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Thursday, January 27, 2011

Book review: The Zookeeper's Wife: A War Story

I picked up The Zookeeper's Wife at Target as an impulse buy since I needed something to kill the time between matches at N's volleyball tournament a couple weeks ago. The blurb on the back bills it as the amazing story of how two Gentile Polish zookeepers "managed to save over three hundred people from the Nazis by hiding refugees in the empty animal cages".

While the title centers on Jan and Antonina Zabinski, the keepers of the Warsaw Zoo, the book is really the story of how many Polish citizens risked their lives to save their Jewish friends and neighbors. While in the past I've read a lot about WWII and the Nazis, I don't remember ever reading much about the occupation of Poland or the Polish resistance. It's really an incredible story, and the people described are so much whom I would want to be if I was ever in such a situation. It's hard to imagine the courage necessary the courage it must have taken to defy the Nazis, at risk of not only their own lives but their children's. One scene, in particular, where Jan and Antonina's son is threatened by Nazi soldiers, is absolutely chilling.

This is a book that inspires you and renews your faith in humanity. It's a great story...but it isn't a great story. That is, it's a non-fiction work. Because it's written as history, the narration leads to a certain distance from the events of the book. That probably made it easier to read, but it also kept me from feeling the kind of connection I would have had with the characters if it had been written from a closer point of view. I bought the book under the impression that it was based on history; that is, I expected it to read more like a work of fiction. I found the style (for example, reporting what Antonina wrote about something in her diary rather than having the character Antonina tell something) very distracting until, towards the end off the book, I happened to finally notice the back of the book where it said, plain as day, "HISTORY/WWII". D'oh.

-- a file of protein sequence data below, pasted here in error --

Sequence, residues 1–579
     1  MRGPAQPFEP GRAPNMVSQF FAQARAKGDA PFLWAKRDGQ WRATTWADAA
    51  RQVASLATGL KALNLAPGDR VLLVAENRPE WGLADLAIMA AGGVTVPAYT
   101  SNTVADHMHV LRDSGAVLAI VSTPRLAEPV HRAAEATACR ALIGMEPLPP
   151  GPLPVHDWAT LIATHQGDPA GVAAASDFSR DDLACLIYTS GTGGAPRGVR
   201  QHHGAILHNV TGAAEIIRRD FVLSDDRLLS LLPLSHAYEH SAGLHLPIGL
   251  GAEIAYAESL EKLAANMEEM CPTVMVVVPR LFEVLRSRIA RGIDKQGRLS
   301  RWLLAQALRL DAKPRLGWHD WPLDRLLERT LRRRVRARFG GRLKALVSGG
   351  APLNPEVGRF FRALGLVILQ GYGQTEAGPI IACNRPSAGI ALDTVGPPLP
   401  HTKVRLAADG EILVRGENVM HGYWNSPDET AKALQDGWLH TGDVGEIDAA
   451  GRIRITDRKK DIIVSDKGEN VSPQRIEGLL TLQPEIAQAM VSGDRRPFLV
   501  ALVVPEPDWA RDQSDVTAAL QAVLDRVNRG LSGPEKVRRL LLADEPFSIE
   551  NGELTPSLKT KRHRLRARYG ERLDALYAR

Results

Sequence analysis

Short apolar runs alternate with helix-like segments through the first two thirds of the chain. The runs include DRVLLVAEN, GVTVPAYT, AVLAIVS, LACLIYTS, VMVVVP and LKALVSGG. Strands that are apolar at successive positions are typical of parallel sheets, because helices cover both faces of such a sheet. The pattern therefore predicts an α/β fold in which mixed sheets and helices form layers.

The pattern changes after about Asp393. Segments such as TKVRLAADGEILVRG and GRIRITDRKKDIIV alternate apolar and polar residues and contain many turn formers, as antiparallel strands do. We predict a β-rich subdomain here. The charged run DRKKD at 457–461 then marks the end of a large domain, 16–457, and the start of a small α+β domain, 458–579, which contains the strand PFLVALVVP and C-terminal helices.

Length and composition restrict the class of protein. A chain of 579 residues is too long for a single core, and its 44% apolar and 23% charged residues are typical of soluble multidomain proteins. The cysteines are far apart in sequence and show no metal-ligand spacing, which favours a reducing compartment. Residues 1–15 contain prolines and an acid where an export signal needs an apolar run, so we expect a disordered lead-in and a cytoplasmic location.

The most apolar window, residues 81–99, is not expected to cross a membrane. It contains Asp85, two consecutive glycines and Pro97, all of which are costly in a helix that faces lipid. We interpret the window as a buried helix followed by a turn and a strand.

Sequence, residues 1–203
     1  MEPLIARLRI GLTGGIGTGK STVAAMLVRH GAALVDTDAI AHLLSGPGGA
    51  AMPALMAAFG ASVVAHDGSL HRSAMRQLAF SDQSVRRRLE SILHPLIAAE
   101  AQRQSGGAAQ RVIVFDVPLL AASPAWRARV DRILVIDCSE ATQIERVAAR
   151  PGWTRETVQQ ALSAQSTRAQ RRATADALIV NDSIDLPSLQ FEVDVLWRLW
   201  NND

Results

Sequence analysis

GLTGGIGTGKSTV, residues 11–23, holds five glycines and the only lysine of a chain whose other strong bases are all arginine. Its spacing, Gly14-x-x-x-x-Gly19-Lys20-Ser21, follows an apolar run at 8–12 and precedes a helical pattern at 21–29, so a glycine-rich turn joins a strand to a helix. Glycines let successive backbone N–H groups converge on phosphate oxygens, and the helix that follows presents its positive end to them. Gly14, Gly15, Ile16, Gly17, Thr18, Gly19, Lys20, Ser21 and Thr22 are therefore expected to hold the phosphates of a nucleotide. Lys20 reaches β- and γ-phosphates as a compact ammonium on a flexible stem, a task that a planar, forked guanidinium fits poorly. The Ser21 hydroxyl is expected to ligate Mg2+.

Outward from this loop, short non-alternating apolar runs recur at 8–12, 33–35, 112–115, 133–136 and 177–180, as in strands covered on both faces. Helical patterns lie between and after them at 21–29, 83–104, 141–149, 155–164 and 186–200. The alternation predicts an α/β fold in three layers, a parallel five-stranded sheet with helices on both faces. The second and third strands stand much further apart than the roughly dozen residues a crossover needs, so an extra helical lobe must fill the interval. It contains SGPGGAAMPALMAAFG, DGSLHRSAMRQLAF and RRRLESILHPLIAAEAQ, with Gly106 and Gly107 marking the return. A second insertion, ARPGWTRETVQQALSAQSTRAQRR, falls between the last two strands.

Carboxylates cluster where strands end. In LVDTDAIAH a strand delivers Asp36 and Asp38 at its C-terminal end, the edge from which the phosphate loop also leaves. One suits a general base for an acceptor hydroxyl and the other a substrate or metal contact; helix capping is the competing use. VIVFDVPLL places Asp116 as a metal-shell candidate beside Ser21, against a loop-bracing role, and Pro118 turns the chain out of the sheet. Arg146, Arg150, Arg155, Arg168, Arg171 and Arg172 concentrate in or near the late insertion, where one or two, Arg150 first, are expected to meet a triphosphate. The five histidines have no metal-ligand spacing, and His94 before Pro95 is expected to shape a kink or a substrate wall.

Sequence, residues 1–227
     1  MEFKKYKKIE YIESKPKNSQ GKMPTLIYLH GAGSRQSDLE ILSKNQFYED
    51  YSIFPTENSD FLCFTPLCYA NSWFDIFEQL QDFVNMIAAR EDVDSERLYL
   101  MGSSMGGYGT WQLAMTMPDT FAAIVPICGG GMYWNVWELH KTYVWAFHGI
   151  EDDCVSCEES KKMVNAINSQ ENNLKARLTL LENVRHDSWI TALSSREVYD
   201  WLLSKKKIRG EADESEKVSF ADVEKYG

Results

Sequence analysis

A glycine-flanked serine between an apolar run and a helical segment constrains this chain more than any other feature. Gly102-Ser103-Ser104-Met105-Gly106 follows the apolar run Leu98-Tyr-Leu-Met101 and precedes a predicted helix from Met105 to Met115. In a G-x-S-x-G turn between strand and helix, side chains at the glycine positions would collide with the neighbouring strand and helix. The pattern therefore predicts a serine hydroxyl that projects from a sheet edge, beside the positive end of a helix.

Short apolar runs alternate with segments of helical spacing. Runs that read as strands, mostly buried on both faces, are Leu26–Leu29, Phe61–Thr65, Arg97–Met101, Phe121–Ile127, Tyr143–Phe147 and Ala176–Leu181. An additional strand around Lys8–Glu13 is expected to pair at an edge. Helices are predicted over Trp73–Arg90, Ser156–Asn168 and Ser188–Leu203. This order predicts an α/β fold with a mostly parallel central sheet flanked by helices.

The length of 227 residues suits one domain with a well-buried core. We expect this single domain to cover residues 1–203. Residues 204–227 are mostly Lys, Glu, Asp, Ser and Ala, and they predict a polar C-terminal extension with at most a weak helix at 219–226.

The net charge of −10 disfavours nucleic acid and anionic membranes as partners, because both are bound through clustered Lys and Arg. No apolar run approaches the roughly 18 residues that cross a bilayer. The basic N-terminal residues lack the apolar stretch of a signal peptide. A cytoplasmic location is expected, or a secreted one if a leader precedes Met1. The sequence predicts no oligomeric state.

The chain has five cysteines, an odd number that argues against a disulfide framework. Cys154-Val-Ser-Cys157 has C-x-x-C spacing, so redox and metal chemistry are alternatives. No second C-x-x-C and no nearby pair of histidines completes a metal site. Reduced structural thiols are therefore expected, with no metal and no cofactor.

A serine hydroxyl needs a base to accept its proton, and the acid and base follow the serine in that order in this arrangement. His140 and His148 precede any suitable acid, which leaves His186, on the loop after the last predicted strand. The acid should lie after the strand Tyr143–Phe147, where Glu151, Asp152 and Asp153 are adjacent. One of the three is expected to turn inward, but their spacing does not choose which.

Pick this one up. You'll be amazed, inspired, and probably want to dig deeper into her sources to read more about these incredible people. I know I do.

5 comments:

  1. I used to work with a woman from Poland (still a friend, but rarely get to see) whose relatives hid some Jewish people for about a year - her stories were just amazing...albeit sad!

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  2. Thanks for this. I'm always looking for new books to read. I have to say that I have a really hard time with stuff like this but I guess that is the way it should be...it shouldn't be easy and light...an important part of history to never forget.

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  3. That DOES sound good! But like you, I prefer a true story told in a fiction way... I have not been able to get into a book for the longest time. I have always been an avid reader. I devour books when I am in the mood, but lately, I have not been in the mood. My unread book pile keeps getting higher!

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  4. Sad stories of a terrible period. Great post.
    Indeed I am very tired to read on the newspapers about "days to remember", to watch in tv celebrations, to listen long speeches about the WWII and in the world NOW there are a lot of wars.

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  5. I just read the long walk. It is about a polish officer and friends who escaped and walked to freedom after internment by the Russians during the same time period. It was quite personal, and I could really relate to the subjects. I think you would enjoy it.

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